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A makeshift memorial for Steve Jobs is seen on the sidewalk outside his home on October 7 in Palo Alto, Calif. Jobs, co-founder of Apple, died October 5, 2011 at the age of 56. (Kevork Djansezian/Getty Images)

Why, Really, Do We Love Steve Jobs?

It’s the old appealing story of a man who pursued his inner passion and got rich.

BY Thomas Streeter

Jobs' story gives us a chance to imagine that integrity and wealth can coincide. It's a good dream.

When Steve Jobs stepped down as head of Apple in August 2011, a stream of accolades began to flow that, upon his death, turned into a flood. Why is this? He invented things, right? One news report claimed Steve Jobs “invented the personal computer as a user-friendly device, invented the notion that the mouse could be our real interface with that computer, never mind the fact that he invented the category of iPod, iPad, and of course selling music digitally.”

Uh, no. The Apple II was neither invented by Jobs nor was it the friendliest computer of its day (think Xerox Alto, or Commodore PET). Credit for the mouse goes to Douglas Engelbart, and the Xerox Star sold with a mouse as the primary interface two years before the Mac. There were digital music players, smart phones, and tablets long before the iPod, iPhone, and iPad. The digital sale of music was taking place at least by 1998 (google Ritmoteca.com), years before iTunes followed suit. And Jobs was never a programmer or an engineer, anyway. Apple employees did that stuff for him.

Even when it does not misread Jobs’ contributions, almost all the commentary says that his “products changed our lives.” Really? The Vietnam war changed my life, going to graduate school changed my life, falling in love changed my life, having a child changed my life. Is an iPhone really in the same category? If Jobs and Apple had never existed and instead I used a Blackberry or a Nokia phone, or a Dell laptop instead of a Macbook, or if even we’d been stuck with Wordperfect’s old function keys instead of a mouse, how different would our life be, really? Sure, we’re fond of the Apple gizmos we’ve had over the years, but “life changing” is a stretch.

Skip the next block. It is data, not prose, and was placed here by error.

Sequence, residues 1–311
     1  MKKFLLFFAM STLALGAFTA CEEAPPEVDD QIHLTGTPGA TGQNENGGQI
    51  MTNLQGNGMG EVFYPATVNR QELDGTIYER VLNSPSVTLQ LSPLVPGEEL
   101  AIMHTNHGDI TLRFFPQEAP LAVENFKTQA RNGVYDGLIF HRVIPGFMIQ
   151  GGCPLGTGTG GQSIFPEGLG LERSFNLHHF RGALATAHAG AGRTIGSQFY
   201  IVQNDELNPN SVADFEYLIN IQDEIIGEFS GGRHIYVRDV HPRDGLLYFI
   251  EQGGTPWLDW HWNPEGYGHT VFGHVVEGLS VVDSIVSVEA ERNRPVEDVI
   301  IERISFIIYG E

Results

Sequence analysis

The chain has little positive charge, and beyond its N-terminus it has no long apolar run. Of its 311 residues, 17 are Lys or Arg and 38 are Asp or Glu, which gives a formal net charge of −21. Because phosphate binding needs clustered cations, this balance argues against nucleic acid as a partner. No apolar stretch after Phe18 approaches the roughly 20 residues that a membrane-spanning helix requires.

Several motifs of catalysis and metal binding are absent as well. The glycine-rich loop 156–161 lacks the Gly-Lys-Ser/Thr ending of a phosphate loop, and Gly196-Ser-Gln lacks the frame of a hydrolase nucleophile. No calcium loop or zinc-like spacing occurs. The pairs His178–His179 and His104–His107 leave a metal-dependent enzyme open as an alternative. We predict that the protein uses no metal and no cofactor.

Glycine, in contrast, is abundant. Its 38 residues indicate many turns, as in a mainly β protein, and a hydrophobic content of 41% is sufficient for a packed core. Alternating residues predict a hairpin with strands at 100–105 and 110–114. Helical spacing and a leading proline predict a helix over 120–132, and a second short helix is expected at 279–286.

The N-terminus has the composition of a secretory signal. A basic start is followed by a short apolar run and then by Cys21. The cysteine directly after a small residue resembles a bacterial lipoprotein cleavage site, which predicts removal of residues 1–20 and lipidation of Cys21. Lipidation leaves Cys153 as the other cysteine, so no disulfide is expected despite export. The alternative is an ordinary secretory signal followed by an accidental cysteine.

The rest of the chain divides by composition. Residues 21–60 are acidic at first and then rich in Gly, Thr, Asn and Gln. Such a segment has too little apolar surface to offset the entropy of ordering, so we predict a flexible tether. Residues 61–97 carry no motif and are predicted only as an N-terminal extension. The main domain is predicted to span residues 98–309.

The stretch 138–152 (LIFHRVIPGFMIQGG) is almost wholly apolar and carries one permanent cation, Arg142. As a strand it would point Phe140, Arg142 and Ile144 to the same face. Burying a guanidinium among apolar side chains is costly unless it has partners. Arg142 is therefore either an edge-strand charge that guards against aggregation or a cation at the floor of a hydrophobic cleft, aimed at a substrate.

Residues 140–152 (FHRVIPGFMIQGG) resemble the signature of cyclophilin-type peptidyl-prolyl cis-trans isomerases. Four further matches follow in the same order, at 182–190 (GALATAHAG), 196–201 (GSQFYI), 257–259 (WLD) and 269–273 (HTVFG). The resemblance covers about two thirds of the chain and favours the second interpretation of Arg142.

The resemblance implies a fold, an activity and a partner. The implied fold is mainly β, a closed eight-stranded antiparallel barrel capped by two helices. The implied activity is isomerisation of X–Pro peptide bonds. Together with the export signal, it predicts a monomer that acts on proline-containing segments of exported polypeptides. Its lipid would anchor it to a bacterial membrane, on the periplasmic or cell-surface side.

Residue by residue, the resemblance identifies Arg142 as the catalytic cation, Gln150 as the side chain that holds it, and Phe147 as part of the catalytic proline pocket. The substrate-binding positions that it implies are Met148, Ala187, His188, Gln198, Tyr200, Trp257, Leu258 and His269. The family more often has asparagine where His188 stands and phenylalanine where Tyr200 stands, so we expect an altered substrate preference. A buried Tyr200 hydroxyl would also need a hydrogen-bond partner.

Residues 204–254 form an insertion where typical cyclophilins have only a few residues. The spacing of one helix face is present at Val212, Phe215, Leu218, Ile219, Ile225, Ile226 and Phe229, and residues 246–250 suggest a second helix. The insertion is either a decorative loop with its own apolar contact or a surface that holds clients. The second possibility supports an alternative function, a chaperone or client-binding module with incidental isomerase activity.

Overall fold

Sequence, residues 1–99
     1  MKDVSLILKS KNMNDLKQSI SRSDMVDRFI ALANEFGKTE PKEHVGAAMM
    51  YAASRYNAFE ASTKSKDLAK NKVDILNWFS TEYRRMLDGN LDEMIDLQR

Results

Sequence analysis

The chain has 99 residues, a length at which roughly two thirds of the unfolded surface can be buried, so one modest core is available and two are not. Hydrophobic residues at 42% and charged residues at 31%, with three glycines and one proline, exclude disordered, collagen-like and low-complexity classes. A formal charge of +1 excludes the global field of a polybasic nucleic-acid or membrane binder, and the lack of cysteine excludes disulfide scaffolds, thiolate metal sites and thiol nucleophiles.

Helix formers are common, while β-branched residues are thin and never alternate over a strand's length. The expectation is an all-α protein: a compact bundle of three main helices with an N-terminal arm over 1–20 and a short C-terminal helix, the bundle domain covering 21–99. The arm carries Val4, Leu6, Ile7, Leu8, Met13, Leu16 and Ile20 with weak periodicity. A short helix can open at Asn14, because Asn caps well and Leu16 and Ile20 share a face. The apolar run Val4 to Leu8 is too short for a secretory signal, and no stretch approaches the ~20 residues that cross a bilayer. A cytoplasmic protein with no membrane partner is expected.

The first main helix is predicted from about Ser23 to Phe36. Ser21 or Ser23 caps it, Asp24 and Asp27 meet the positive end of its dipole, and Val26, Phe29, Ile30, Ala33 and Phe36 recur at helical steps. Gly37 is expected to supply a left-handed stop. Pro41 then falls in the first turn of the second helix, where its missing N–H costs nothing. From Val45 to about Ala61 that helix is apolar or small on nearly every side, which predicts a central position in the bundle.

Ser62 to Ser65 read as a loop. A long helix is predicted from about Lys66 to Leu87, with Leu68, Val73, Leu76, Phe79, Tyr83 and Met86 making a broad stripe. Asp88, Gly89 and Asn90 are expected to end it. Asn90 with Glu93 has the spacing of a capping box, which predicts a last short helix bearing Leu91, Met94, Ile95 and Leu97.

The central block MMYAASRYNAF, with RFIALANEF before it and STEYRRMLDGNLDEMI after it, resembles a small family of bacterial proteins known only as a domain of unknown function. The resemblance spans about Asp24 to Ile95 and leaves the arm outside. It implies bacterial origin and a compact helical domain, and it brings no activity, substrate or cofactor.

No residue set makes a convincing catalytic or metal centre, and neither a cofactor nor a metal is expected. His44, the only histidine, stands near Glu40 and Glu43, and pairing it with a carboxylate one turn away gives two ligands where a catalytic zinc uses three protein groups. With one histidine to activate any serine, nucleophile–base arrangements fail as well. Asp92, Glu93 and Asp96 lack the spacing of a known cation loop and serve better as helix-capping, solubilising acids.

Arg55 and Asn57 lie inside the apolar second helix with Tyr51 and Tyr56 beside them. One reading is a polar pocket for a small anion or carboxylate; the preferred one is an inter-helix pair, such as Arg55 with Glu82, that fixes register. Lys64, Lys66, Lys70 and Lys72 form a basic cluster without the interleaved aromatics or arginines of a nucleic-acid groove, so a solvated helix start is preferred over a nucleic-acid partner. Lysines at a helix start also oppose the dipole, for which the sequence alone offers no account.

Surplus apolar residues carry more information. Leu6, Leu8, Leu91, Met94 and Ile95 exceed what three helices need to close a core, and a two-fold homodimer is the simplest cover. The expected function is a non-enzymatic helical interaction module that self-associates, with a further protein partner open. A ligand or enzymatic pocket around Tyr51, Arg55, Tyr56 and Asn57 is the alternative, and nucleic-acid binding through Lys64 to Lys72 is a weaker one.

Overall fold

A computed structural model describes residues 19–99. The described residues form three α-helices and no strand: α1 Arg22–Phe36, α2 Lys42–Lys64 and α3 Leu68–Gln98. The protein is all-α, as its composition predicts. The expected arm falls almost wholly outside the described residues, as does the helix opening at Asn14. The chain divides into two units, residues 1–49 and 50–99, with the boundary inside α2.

So what is this all about? I think it’s the story: the story of a rebel-hero who follows his inner conviction instead of the well-trodden path. From his jeans and sneakers to his flamboyant rock-star arrogance to the distinctiveness of Apple’s products to his oracular marketing style, Steve Jobs’ life offers a raft of details that flesh out a classic tale, the tale of a guy who bucked convention, followed his heart instead of the crowd, and in doing so, triumphed. Americans are deeply in love with that story. Combined with the repeated business successes–Apple II, Macintosh, Pixar, iPhone, etc.–Steve Jobs’ life gives us a chance to tell that story, to celebrate it, again.

We’ve been liking this story for a long time. Back in 1841, Ralph Waldo Emerson advised Americans “Trust Thyself… . Whoso would be a man, must be a nonconformist… . ” In 2005, Steve Jobs told a crowd of college graduates basically the same thing: “There is no reason not to follow your heart… . Don’t be trapped by dogma–which is living with the results of other people’s thinking. Don’t let the noise of others’ opinions drown out your own inner voice. And most important, have the courage to follow your heart and intuition. They somehow already know what you truly want to become. Everything else is secondary.” Trust the self, your inner voice, not others; go with your intuition, not some calculation or common wisdom. Don’t calculate: pursue your inner passion. We are madly in love with that story, and recounting the life of Steve Jobs lets us tell it again.